Developing an estate plan can serve many purposes for residents in Michigan and elsewhere. While the documents contained in an estate plan could help individuals and their heirs sort through difficult decisions at the time of or after a loved one’s death, it is important to understand that by simply drafting an estate plan, the probate process can be bypassed or eased.
Many are under the impression that just because an estate plan exists, heirs will not have to go through the probate process. This is a common misconception. And having a will alone certainly means that heirs and beneficiaries will have to go through the probate process to recover the property or assets passed onto them.
One should note that if a will exists, an estate will be probated. However, whoever is designated at the personal representative will need to file that will with the court and open the estate before another party can. In the state of Michigan, there is a 42-day rule. This means that if a representative or an heir has not opened the estate within 42 days, someone else can. Thus, even is everything is addressed and set out in your will, probate could still happen.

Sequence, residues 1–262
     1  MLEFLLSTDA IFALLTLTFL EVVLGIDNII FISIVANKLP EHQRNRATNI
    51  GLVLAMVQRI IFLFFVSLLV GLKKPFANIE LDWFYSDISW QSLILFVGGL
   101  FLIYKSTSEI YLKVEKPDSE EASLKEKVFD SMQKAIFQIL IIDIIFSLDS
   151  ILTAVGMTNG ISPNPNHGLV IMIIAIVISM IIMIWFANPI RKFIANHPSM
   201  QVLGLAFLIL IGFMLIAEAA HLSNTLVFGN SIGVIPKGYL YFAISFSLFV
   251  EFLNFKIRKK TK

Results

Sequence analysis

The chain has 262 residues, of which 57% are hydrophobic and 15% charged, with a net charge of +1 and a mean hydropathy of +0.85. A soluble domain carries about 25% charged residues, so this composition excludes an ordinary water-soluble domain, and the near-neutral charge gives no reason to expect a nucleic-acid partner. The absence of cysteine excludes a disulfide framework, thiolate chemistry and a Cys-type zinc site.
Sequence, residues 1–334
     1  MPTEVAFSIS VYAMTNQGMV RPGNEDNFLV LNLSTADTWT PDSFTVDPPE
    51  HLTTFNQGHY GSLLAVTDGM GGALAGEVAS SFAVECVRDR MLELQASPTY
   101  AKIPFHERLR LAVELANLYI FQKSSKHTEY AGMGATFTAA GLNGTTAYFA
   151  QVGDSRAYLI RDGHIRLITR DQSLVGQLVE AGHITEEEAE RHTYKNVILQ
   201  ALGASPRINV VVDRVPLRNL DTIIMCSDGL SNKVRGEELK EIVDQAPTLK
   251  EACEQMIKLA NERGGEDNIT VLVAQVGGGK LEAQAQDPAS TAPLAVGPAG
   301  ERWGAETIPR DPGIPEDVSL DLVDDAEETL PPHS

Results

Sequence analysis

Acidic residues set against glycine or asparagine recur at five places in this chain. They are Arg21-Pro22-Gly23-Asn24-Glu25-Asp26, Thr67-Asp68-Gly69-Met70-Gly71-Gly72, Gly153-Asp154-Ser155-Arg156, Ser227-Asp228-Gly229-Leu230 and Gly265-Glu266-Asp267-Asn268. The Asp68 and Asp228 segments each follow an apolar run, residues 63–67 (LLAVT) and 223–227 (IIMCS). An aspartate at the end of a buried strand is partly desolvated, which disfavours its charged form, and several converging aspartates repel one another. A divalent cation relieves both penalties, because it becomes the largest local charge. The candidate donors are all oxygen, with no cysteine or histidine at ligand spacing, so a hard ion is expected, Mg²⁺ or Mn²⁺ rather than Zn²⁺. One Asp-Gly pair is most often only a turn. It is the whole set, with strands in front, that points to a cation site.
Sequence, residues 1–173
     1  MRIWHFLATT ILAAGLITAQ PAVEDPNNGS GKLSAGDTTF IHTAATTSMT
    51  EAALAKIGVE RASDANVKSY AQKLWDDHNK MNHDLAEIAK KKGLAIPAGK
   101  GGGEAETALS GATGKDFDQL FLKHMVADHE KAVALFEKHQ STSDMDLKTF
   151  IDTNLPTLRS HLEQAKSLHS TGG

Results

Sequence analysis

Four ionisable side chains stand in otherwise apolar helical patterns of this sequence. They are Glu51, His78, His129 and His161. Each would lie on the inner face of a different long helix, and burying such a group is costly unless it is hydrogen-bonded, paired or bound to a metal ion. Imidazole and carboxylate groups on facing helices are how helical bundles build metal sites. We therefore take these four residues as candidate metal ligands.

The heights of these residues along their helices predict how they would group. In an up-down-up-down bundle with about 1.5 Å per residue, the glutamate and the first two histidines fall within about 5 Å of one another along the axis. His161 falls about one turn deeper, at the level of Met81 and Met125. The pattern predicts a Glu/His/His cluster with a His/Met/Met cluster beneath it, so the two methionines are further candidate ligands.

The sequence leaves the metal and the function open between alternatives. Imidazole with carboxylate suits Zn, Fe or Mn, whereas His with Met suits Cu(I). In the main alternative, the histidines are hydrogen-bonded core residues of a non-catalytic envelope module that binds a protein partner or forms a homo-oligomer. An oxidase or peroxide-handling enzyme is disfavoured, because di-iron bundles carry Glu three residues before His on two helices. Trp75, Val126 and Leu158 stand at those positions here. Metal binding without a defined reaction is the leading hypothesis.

The only time the probate process can be avoided is by drafting a trust. While a trust is a great way to avoid probate, it is not 100 percent. There are some exceptions to this rule, making it important that individuals are aware of this and ways to make an effective trust. This means detailing what type of trust is in your estate, what it contains and how it will pass onto to your heirs and beneficiaries.
Many seek to draft an estate plan as a means to avoid probate. Whether that is your ultimate goal or not, it is important to understand why and how probate happens. It is also imperative to understand what mechanisms could help you and your loved ones avoid the probate process in the future.
Source: Wxyz.com, “How to avoid losing everything to probate after your loved one dies,” June 15, 2017